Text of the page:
WASHINGTON -- A new branding framework enlisting credit unions, state leagues and foundations nationwide to coordinate outreach projects, low-income initiatives and charity projects ranging from payday products to Children's Miracle Network is being launched this week at CUNA's GAC conference.
The high-level endeavor, branded as the "Real Deal" and spearheaded by CUNA, the American Association of Credit Union Leagues and the National Credit Union Foundation, encompasses projects big and small. Its core mission is letting the public and lawmakers know just exactly what CUs do to help the less fortunate.
"We're simply good at compiling anecdotal material on how we fulfill our social mission but there is no sure-fire means to collect, measure, and convey to the public all that we do, which is why we feel a re-branding is so necessary at a critical time for this industry," said Michael Mercer, a Real Deal coordinator and president/CEO of Georgia Credit Union Affiliates.
Under the Real Deal framework, CUs are being asked to start compiling their social achievements and coordinate results with leagues on projects whether they be existing REAL Solutions ventures, BizKid$ financial literacy projects, or Make a Wish, as examples.
"There are so many tangible projects where credit unions, their management, staffs, and volunteers play a pivotal role in local communities that we need a better mechanism to ensure the message gets across," said Mercer.
Real Deal, which will have its own logo and be coordinated for project results at the staff level within CUNA and state leagues, will be formally explained and detailed during a break-out session on Tuesday at this week's GAC conference.
The session features CEOs from both big and small CUs outlining their participation in Real Deal and reviewing local initiatives.
The session will discuss how "successful strategies for future member growth and advocacy" can be broadcast in a more coordinated basis, said CUNA. The moderator will be Lois Kitsch, REAL Solutions National Program Director for the NCUF. A Real Deal booth also will be set up at the conference to hand out explanatory fliers .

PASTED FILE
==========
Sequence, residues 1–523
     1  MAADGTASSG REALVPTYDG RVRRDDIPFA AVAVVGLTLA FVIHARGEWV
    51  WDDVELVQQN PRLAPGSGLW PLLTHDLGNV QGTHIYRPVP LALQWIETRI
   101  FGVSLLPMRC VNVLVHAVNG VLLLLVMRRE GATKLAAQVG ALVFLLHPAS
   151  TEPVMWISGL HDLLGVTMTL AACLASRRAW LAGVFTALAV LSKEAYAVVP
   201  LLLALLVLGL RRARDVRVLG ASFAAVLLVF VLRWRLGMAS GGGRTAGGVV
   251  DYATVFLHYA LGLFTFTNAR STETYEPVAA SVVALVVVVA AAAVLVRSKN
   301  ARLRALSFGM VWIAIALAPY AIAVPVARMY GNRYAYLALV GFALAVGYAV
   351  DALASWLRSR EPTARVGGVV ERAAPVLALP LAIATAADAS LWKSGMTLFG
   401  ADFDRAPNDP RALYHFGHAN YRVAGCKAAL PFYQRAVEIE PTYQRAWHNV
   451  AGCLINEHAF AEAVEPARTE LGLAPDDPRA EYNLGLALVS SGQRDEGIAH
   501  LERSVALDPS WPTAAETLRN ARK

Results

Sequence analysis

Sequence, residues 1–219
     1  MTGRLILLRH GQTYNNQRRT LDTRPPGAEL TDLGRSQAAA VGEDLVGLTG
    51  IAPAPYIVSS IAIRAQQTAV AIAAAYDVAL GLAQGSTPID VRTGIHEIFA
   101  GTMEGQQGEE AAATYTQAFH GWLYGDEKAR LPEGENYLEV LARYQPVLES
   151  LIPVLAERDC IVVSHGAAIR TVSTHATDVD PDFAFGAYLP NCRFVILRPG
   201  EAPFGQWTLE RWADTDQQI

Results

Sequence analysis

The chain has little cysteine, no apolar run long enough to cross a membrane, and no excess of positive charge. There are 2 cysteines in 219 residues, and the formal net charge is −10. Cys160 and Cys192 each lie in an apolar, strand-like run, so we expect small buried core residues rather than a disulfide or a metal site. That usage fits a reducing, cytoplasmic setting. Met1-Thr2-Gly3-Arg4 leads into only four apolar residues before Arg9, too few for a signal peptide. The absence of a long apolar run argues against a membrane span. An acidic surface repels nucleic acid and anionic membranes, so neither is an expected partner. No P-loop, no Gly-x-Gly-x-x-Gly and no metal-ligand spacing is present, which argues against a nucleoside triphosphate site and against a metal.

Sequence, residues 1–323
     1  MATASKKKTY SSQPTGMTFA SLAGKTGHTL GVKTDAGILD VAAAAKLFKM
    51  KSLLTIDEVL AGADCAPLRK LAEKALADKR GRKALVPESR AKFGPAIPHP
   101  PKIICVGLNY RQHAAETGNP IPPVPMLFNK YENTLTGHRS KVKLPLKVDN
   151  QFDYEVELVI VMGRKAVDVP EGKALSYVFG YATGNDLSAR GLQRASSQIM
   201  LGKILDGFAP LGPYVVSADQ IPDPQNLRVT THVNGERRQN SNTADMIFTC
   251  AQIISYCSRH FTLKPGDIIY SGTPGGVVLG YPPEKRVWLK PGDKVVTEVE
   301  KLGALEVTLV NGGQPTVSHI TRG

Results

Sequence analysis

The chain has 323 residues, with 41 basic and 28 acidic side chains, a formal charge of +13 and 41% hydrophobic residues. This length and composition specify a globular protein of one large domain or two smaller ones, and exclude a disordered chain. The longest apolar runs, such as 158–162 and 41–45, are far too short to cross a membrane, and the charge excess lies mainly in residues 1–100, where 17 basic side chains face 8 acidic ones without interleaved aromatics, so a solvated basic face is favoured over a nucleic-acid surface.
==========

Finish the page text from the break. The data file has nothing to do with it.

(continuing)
The Real Deal concept, said Mercer, has been on the drawing boards for more than a year and follows conversations among league CEOs about ways to confront CRA-type challenges in the Congress that have surfaced over the years.
"This program kind of got its start with conversations I had with Dave Adams about how credit unions could respond in a more organized fashion to comments made by Bill Thomas," said Mercer, referring to pointed criticism of the industry's "modest means" service by former California Congressman William Thomas, who was the GOP chairman of the House Ways & Means Committee. Adams is the president/CEO of the Michigan Credit Union League.
Mercer said he and Adams agreed that a more focused, collaborative approach among state leagues, CUNA, and NCUF on outreach was needed. "We knew something was missing considering the anecdotal notebooks" were not serving the industry well, he said.
Under the Real Deal format, as envisioned by its founders, "every credit union and league will be engaged at a high level" to develop models in any number of areas including lending, payday alternatives, financial literacy, community partnerships plus many more.
Leagues are being asked to name a "Real Deal/Outreach" contact person for the branding framework. "These individuals will be working closely with CUNA and NCUF staff in developing and encouraging outreach efforts," a Real Deal flyer read.
Eventually, said Mercer, AACUL and CUNA will accumulate reports from across the U.S. about the number of people being "touched" by outreach and partnership activities.
"Where possible," said Mercer, "we can estimate the tangible value" of programs directed at not only those of modest means but others as well.
"In time," said Mercer, "that becomes the REAL Story. CUNA will be the national 'story-teller' and leagues would be the storytellers at the state level." NCUF, he said, "will keep developing REAL Solutions programs and measuring the impact with those. You can start to see how the branding for this effort will come together."
In developing Real Deal, Mercer said he and other organizers "try to emphasize that the primary focus is, one, helping people to have the knowledge to make good decisions, and two, providing them tangible programs that make it possible to execute without getting ripped off."
With details to be worked on the mechanics of Real Deal collection and measurement, the president/CEO of one Georgia Affiliates' CU, Ruth Artis of the $35 million BOND FCU in Atlanta, applauded the branding concept as "something we struggle with every day" in conveying a community involvement message.
The fact is, she said, the employees of her community-based CU "do a tremendous amount of volunteer work, it is difficult to keep track of it all from partnering with food coops to financial literacy in the schools."
The problem is, she said, "every credit union customizes what it does in outreach to what works in its own community." It's sometimes hard to copy models in one community for use elsewhere and yet she understands the need for action, said Artis, who also is chair of the league's Philosophy in Action Committee.